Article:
If you have questions about Foreclosure, Loan Modification, Bankruptcy, Short Sale, or other alternatives, please feel free to call my office at 888-886-0020, send an e-mail to emil@fleysherlaw.com, or complete the contact form below.

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No Shame in Filing for Bankruptcy

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Filing for Bankruptcy is a necessary process for many American people and businesses.

From a young age people are persuaded by means of seductive language and/or highly skilled advertising techniques to purchase products and services deemed essential for their lives, even if those products or services are out of their financial reach. Many of our leaders have told us that it is our patriotic duty to spend, and you need look no further than former President George W. Bush urging the American people to spend after the tragic events of September 11, 2001.

If you don’t have the means to buy, that has never been a problem because credit card companies spend a great deal of money sending constant solicitations of pre-approved credit cards that were never even requested. The credit card companies mostly target people with bad credit ratings and college students. Individuals with bad credit are desperate and will consent to ridiculous interest rates thus increasing their profits, and college students are backed by their caregivers if they happen to default on their payments. These pre-approved credit cards have made it so simple to live beyond our means.

At a time when governments are providing billion-dollar bail outs for banks who have mismanaged their finances, should you really feel ashamed about asking for a second chance with bankruptcy? Bankruptcy isn’t based upon punishment or retaliation but rather on forgiveness. Bankruptcy can help free up some income that could provide more resources for your children or loved ones, including reduce the suicide and homeless rates.

If you find yourself under a mass of debt because of a job loss, medical expenses or simply hugely indebted, bankruptcy can give you a fresh start and the proper tools to make wiser choices in the future.

If you have questions about Foreclosure, Loan Modification, Bankruptcy, Short Sale, or other alternatives, please feel free to call my office at 888-886-0020, send an e-mail to emil@fleysherlaw.com, or complete the contact form below.

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Florida Foreclosures Still High But in Decline

While FLorida still is among the states with the highest rates of Foreclosure, the rate of new foreclose filings is in decline.

While Florida is still among the states with the highest rates of Foreclosure, the rate of new foreclosure filings is in decline.

For Florida, it may be a turning point in the foreclosure crisis.  When compared year to year, the foreclosure rate in Florida is down nearly 37% making it the lowest it has been since 2008.  That equates to fewer than 4 million people who are not current on their mortgage.  In Florida, 12% of homeowners with mortgages are not current on their payments ranking it third out of fifty in the nation for most delinquent mortgages.  These numbers reflect a twenty percent reduction in delinquency in the past six months, ranking Florida the second most improved.  The number of properties with delinquent mortgages are at levels not seen since October 2007, and new foreclosure filings are at their lowest since then as well.  For the first time since 2008, prepayment rates have increased.

If you have questions about Foreclosure, Loan Modification, Bankruptcy, Short Sale, or other alternatives, please feel free to call my office at 888-886-0020, send an e-mail to emil@fleysherlaw.com, or complete the contact form below.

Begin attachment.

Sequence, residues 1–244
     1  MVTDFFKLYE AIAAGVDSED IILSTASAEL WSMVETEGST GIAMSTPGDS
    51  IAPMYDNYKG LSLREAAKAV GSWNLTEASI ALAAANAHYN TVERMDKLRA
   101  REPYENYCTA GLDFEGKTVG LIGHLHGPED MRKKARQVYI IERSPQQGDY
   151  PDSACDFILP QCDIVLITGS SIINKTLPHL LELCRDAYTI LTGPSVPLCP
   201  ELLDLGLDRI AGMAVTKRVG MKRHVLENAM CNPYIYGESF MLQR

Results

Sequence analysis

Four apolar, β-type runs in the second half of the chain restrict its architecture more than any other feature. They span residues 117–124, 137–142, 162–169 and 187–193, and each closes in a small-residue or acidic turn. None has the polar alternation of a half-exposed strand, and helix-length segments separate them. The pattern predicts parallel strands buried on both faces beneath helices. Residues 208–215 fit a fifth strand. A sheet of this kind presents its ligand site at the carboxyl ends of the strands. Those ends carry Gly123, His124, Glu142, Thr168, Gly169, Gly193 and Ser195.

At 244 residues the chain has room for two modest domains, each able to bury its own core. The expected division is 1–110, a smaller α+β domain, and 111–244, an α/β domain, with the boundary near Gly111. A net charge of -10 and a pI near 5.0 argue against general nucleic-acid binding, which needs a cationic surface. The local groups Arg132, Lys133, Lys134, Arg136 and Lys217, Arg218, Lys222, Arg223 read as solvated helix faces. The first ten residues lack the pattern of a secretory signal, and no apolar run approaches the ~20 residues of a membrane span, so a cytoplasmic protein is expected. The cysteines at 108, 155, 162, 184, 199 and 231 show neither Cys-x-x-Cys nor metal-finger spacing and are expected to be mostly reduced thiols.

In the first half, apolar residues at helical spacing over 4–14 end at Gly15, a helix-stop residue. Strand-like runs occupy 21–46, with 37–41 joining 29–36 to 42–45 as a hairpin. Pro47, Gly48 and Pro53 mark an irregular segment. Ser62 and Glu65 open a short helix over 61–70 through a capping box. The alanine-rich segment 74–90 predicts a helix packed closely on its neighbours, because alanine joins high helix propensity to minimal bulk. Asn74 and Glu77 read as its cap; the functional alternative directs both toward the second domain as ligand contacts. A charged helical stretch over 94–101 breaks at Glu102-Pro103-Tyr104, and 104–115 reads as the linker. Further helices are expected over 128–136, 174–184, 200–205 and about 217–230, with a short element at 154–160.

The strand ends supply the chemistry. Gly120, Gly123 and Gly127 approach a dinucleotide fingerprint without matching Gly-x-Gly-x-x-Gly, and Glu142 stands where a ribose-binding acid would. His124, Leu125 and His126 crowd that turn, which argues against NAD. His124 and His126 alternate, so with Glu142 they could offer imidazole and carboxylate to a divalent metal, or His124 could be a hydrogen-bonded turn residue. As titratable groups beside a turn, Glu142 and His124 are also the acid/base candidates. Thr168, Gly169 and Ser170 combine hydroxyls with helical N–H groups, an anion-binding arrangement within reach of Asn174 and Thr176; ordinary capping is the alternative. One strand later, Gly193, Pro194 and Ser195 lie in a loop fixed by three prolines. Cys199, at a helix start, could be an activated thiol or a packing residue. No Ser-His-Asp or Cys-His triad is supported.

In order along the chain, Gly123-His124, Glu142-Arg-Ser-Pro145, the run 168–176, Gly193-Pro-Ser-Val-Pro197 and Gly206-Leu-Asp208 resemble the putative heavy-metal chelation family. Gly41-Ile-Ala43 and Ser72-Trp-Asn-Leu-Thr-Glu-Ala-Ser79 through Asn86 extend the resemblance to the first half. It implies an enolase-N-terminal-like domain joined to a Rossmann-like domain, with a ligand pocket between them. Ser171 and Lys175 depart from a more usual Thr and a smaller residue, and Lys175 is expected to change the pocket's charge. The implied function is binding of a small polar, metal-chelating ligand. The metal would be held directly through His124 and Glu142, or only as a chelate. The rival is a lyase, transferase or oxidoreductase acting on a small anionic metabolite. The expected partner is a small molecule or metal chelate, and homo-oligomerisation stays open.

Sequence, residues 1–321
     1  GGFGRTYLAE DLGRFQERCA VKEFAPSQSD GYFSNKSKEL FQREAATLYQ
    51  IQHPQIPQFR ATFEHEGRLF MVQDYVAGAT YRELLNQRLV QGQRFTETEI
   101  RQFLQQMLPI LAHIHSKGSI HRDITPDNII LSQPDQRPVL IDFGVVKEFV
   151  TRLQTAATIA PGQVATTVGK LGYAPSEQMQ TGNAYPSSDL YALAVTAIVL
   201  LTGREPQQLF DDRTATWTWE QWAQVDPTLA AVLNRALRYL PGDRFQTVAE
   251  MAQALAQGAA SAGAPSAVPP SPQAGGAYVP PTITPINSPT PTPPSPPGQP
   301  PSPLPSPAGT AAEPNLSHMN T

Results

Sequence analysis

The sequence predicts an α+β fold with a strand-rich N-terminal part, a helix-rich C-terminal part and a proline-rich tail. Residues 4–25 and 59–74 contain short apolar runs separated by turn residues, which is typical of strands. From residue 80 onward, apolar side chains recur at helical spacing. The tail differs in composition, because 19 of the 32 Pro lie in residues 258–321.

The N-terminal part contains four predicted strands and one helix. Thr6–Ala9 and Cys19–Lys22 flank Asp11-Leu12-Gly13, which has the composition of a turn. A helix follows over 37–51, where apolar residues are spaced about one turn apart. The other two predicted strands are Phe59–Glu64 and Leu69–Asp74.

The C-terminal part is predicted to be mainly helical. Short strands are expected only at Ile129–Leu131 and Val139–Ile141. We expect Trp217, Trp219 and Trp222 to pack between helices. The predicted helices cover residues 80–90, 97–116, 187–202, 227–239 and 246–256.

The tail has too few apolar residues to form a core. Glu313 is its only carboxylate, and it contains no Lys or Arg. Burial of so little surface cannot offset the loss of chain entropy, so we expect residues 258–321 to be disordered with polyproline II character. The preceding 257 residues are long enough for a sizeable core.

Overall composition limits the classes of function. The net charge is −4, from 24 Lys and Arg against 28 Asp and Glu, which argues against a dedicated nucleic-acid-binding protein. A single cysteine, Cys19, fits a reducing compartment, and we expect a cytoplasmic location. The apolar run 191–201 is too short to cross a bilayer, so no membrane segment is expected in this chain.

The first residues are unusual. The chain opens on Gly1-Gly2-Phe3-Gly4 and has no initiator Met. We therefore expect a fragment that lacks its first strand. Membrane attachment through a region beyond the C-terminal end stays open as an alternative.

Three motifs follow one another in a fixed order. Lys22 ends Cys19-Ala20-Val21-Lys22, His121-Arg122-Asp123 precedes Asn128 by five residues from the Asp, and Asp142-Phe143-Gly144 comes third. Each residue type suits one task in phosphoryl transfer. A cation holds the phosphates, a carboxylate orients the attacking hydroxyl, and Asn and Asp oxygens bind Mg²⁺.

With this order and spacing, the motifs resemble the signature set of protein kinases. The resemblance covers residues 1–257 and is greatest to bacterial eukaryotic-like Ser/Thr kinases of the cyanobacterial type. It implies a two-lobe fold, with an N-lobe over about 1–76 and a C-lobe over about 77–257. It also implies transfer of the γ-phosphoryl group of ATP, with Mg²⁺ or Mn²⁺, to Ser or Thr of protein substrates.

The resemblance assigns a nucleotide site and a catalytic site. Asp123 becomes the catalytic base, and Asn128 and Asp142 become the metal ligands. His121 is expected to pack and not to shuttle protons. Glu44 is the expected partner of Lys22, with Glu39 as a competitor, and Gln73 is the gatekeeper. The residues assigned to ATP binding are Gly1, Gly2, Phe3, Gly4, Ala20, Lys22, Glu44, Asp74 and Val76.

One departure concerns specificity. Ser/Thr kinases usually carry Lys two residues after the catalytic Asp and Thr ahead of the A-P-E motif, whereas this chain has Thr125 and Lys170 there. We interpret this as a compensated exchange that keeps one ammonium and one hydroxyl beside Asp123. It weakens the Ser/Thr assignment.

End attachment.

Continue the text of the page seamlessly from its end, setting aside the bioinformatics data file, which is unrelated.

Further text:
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Using the Bankruptcy Cram Down to Save Investment Property

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Ch. 13 Bankruptcy can provide the principal reduction and debt restructuring that can help save investment properties.

Many clients come in to my office seeking assistance with modifying their investment property mortgages. The first question I am usually asked is “will the bank reduce my principal down to what the property is worth?” The answer is that meaningful principal forgiveness is very rarely offered in conventional “HAMP” or “Proprietary” modifications. Unfortunately, this results in investment properties becoming unaffordable and impossible to maintain. However, these clients are often amazed when I advise them that they can cram the mortgage loan amount down to the fair market value of the property in Ch. 13 Bankruptcy.

A “cramdown” in a Chapter 13 bankruptcy enables the borrower to reduce the principal balance of a mortgage loan down to the actual market value of that property. While this Chapter 13 cram down may be utilized to save a car, boat, or other property, the benefits are best realized in saving investment real property. The catch is that most courts require that the balance be paid off in the 5-year Ch. 13 payment plan. However, there may be exceptions and an attorney should be consulted to determine and explain your options.

For those borrowers in South Florida who may benefit from and are considering the cram down, the time is now for doing so because property values in Broward & Palm Beach counties have been rebounding substantially in recent months. As the values go up, so does your potential balance under the Ch. 13 cram down. Also, the bankruptcy case can be filed and initiated at any point; whether you are current on the mortgage or in foreclosure.

If you have questions about Foreclosure, Loan Modification, Bankruptcy, Short Sale, or other alternatives, please feel free to call my office at 888-886-0020, send an e-mail to emil@fleysherlaw.com, or complete the contact form below.

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FHA Mortgage Applicants with Recent Foreclosures Offered a Pass

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FHA offers a new program to help otherwise eligible borrowers with recent foreclosure troubles qualify for FHA loans

The Federal Housing Administration has instituted a new program called “Back-To-Work-Extenuating Circumstances” to assist potential borrowers who faced financial hardship during the recession. This program, which began August 15th, 2013 provides a second chance for mortgage applicants who have experienced financial hardship such as unemployment or a severe reduction in income beyond the borrower’s control. This program is designed to assist borrowers with a recent history of foreclosure, judgment, short sale, bankruptcy, loan modification, or deed-in-lieu by acknowledging that their credit history may not fully reflect their ability or propensity to repay a mortgage. Prospective borrowers that have experienced an economic event and can document that the event was out of their control, that they have recovered, and that they have completed housing counseling can apply for an FHA-insured mortgage that will allow up to 96.50% financing.